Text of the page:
Finally, the N Grin setting unleashes the maximum power and torque for 20 seconds for peak performance that is more about putting a smile on the driver’s face than outright lap times, says Hyundai.
The N Grin mode is itself split into five further more typical modes including Eco, Normal, Sport, N and N Custom.
A raft of new safety gear arrives with the updated i30 N courtesy of the Hyundai Smart Sense suite. New to the i30 N fastback are forward collision avoidance than now detects vehicles and pedestrians/cyclists, and lane-following assistance.
Hatchback versions add to the new safety tech with blind-spot collision warning and assistance, and rear cross-traffic warning and avoidance assistance.
Published September 16 2020
Hyundai has released a handful of images that hint at what was under the wraps of the vehicle our spy shots captured in July, when a prototype of the company’s updated i30 N fastback was spotted testing on public roads.
These latest low-lit images aren’t enough to reveal the full impact of the facelifted i30 N but there’s certainly enough to get excited about.
Not only are the fatter twin tailpipes retained as a production detail, but the new bodykit appears to be as aggressive as previous renderings promised.
The release also confirms the massive skeletal wheels bolted to the disguised Hyundai i30N prototype will be a production feature, too.
According to Hyundai, the 19-inch rims are of the stronger and lighter forged variety and save a significant 14kg of unsprung mass from the i30 N chassis.
You can expect the new version to offer even sharper handling and road holding, therefore.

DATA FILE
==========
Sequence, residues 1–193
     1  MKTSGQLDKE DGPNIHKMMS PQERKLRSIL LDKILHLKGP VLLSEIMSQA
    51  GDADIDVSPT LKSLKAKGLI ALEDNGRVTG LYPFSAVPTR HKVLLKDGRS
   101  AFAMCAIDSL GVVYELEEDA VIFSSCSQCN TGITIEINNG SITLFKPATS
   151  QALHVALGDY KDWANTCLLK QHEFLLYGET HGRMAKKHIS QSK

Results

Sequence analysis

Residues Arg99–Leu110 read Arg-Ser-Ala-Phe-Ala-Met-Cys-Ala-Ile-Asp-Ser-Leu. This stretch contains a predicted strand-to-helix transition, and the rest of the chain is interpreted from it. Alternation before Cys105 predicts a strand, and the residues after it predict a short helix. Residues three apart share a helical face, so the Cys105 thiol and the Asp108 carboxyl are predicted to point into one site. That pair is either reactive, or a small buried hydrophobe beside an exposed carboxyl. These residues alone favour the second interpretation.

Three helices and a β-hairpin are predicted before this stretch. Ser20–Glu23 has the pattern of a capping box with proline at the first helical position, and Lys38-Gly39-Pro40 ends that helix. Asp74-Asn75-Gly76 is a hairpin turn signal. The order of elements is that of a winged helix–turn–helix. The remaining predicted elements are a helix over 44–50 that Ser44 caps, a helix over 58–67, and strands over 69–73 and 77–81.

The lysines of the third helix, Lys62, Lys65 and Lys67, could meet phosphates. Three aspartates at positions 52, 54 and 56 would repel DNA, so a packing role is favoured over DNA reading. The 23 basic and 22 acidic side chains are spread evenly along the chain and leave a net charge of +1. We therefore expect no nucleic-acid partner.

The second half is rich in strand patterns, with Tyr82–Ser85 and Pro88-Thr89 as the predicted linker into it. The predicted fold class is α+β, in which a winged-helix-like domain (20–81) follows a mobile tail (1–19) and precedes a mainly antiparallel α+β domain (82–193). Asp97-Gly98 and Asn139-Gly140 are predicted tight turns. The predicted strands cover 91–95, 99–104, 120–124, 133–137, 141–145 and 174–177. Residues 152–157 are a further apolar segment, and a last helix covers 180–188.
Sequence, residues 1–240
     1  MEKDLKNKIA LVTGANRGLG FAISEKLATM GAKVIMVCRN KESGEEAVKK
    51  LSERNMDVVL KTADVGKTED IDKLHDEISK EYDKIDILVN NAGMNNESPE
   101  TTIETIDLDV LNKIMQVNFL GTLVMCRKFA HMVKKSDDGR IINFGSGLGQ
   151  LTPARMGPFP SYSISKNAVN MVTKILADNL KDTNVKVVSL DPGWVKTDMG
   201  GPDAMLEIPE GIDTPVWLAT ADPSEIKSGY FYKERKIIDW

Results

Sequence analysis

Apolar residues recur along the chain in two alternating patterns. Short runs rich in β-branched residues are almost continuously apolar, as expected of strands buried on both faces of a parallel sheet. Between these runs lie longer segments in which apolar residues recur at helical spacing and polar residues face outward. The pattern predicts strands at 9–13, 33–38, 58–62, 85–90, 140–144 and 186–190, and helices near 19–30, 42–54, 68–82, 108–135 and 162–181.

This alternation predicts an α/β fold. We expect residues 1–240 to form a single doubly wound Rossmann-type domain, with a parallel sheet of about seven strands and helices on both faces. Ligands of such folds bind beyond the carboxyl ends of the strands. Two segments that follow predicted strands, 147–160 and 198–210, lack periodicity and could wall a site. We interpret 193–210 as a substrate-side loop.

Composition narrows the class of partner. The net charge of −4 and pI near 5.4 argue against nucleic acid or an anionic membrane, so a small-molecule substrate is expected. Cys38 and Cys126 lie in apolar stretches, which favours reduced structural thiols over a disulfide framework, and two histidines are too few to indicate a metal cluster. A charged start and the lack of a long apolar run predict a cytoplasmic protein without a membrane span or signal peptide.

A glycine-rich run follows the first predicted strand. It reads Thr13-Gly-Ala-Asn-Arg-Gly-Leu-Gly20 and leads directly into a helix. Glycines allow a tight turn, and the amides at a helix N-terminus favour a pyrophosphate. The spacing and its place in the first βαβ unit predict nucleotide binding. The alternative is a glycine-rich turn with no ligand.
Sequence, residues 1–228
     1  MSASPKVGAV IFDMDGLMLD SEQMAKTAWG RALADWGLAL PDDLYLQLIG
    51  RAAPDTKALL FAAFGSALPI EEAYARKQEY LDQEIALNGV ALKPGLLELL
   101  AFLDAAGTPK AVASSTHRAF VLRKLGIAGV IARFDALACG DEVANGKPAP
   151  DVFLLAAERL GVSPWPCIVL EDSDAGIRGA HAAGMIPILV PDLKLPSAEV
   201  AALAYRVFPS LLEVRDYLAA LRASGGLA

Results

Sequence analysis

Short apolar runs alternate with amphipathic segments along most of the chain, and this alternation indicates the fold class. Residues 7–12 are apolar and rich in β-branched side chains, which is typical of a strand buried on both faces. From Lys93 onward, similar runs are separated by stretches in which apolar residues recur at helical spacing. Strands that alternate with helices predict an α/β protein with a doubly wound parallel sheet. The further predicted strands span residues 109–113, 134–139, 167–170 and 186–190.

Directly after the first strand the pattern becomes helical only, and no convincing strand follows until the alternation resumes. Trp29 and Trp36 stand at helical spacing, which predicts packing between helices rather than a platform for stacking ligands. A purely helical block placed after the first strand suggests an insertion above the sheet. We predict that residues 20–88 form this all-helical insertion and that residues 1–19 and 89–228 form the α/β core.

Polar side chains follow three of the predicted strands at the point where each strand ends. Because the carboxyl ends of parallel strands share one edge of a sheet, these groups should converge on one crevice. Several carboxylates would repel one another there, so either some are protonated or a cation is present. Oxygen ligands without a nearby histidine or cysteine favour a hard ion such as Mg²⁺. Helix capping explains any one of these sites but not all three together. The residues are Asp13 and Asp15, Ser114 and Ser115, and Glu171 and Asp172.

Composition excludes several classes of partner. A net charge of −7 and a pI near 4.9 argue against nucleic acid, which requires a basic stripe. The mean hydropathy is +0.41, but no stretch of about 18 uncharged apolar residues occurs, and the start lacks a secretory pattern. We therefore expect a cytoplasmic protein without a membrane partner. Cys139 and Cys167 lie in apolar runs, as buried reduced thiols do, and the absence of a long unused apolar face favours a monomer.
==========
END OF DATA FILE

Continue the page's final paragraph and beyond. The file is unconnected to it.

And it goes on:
Perhaps more significantly though, when it arrives on Australian turf in production form early next year, the updated i30 N will introduce a long-awaited automatic transmission for the model, with eight ratios and sporty dual-clutch technology.
Pricing for the i30 N DCT is yet to be confirmed but it’s safe to say it’ll be the most affordable eight-speed dual-clutch car on the market – If you want something else fitted with a DCT offering as many gears, your only options are Mercedes-AMG, Porsche and Ferrari.
In fact, to own a car driven by a DCT with more gears you’d have to stump upwards of $400,000 for the Honda NSX, which has nine.
The addition of the automatic i30 N is likely to give local sales of the model a serious lift, which has been popular with Aussies despite only being available from launch in 2018 as a six-speed manual.
Read next: 2018 Hyundai i30 N long-term review
The transmission will be a version of Hyundai’s dual-clutch automatic that can be found bolted to numerous other models, albeit with a maximum of seven speeds.
Hyundai has already revealed its N-Line facelifted look for the i30, but this is the first look at the full-fat N design applied to the range-topping high-performance variant. Compared with the mid-range performance i30, the new N will have a marginally more purposeful stance on the road.